Tuesday, August 31, 2010

Evening Conversations

A brief interaction or two to demonstrate the dynamic between me and the best husband ever.

"Sometimes it feels as though my legs don't know how to work anymore. They don't feel like anything and it freaks me out." Pause. I wait.
"Mhmm." Dustin responds.
"Does that ever happen to you?" I ask, wanting to confirm that this unfamiliar and strange feeling is not, in fact, strange.

We're hanging out in the new homestead with some Vivaldi playing on our Christmas-present-cable which presents us with a Classical Music-station, among several others, not least of which includes a score of Mexican music stations, some techno and, of course, the ever-necessary indecipherable rap. I realize we've lived in this home for going on a month and a half, but since we only just got rid of the end of the boxed stuff on the bottom two floors of the house, it feels brand new all over again (unboxed, that is). D is reading Plato's "Republic" on his Kindle and occasionally goading me into conjuring up my previous philosophy-major self (who read it twice for school and once more for fun before reading it yet another time for comps a year ago) and would've been glad to expound on it for hours. When he's not goading me, he's reading passages aloud that demonstrate Plato's sexism or other odd argument Dustin finds sort of appalling and humorous, at the least, dogmatic and outdated to our liberal mindsets.

When he finishes a particularly female-bashing passage, I comment:
"It was different back then, though. I mean, he liked men."
"That's obvious," D says reading more examples of Plato's hatred for women from the book.
"No. I mean. He liked men. The Greek philosophers, a lot of them, were gay. They liked men and some of them thought it was unnatural to be with a woman."
Dustin turns this over, trying to decide whether I'm lying or not, then gestures toward the laptop on my lap, "Google "Plato" and "gay."
I do. He reads the support to my claim.
"Ok. Now google "Aristotle" and "gay."..."Socrates..."
Again and again the proof is evident.
Google headlines regarding "Leonidas" and "gay" yield the following results:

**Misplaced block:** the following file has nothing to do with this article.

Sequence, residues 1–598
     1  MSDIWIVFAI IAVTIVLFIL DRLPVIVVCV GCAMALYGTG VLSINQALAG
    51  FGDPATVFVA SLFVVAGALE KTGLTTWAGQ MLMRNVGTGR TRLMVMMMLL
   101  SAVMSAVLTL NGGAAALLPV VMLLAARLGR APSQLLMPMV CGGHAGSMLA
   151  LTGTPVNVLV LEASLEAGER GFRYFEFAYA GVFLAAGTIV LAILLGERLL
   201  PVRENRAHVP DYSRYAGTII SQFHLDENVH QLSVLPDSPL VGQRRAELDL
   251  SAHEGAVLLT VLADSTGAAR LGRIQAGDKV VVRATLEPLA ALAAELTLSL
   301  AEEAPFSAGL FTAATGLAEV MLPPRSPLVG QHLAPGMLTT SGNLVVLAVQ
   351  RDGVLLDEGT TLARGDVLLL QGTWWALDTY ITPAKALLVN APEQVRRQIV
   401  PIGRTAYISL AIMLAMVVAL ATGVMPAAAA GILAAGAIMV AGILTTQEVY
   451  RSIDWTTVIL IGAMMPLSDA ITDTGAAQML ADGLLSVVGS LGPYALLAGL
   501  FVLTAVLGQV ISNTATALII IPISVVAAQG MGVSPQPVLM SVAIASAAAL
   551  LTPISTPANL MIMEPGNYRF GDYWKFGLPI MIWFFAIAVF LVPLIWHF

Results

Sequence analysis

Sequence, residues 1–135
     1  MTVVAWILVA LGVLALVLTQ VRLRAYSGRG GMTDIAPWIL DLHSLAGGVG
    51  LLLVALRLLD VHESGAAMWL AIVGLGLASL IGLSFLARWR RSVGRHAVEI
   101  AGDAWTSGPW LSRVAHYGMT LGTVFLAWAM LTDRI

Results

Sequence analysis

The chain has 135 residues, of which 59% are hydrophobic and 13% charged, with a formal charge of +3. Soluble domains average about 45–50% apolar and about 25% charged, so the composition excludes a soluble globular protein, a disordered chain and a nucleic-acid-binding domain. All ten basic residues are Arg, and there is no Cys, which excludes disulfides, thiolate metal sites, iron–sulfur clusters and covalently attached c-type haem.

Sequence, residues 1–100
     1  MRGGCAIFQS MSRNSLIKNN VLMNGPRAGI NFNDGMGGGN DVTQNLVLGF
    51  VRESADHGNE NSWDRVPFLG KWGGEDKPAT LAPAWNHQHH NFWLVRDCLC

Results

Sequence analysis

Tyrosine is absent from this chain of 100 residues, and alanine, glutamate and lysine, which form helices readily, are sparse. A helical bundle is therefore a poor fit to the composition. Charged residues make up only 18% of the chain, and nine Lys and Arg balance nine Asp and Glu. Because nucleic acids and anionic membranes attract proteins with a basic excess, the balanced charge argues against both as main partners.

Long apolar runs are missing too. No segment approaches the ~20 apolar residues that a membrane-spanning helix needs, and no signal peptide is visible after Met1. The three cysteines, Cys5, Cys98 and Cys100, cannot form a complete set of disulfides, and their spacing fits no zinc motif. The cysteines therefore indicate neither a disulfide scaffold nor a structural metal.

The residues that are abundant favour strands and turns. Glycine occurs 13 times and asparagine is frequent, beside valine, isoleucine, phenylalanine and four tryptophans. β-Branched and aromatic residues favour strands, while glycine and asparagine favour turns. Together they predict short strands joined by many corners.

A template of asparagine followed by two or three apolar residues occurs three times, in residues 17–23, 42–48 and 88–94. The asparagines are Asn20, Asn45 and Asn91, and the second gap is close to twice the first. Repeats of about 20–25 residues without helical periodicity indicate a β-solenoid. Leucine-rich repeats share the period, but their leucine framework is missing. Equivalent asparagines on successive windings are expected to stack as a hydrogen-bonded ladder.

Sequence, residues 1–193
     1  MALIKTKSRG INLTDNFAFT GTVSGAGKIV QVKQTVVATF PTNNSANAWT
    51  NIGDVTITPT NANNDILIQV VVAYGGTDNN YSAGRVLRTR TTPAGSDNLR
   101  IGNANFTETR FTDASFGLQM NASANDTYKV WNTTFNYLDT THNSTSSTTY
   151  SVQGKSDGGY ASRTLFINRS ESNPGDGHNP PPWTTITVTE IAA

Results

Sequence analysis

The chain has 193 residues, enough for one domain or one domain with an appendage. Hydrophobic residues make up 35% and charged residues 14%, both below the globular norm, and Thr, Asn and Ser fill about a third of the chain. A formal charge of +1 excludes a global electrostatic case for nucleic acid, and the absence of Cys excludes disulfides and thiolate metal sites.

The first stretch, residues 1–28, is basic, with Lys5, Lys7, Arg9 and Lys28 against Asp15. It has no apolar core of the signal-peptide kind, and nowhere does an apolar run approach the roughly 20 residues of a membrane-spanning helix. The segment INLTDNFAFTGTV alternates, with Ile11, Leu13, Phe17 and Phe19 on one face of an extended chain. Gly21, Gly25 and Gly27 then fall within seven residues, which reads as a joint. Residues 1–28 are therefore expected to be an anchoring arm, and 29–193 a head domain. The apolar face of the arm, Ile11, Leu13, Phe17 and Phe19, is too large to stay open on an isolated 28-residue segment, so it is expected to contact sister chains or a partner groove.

A Facebook Fan Page titled: "I'd go gay for King Leonidas" and
               "A gay day in Thermopylae."

"Soulmates came from Plato, but there's a reason he chose the "bellybutton" as where the two parts to a soulmate split rather than, well, the more obvious separation a man and woman would have. He was thinking of two men as soulmates, not two people of the opposite sex."
Silence as he absorbs these new revelations.
"You know...Plato's discussion on soulmates. The "Symposium?"
He explains that, clearly, he's familiar with this concept, but wasn't aware it came from Plato. Understandable since not all people spent their early tween years wandering the local library's stacks in search of the logic to support what I cynically and innocently believed were irrational claims of being "in love" and having a "soulmate." In my search, I found the philosophers, since I couldn't imagine anything going further back to the beginning of those concepts than them. Now, though, I can see Dustin storing up these pieces of information on Plato, the Greek philosophers, "The Republic," rethinking and revisiting movies he's seen or books he's read, all in the flash of a moment. Sheer enlightenment comes over him.
"So ancient Greece was pretty much the gayest place ever." He states, picking his Kindle back up and seeing Plato more clearly now.

We both go back to our individual reading and writing. Vivaldi serenades in sweeping strings and staccato plucks. The soft chirps of our parakeets who have been covered up for the night peek out from behind their transparent sheet. The German shepherd's deep, sleepy sigh escapes at my feet.

"He's describing a pretty Fascist state," Dustin remarks, "And he's going to bang all these guys."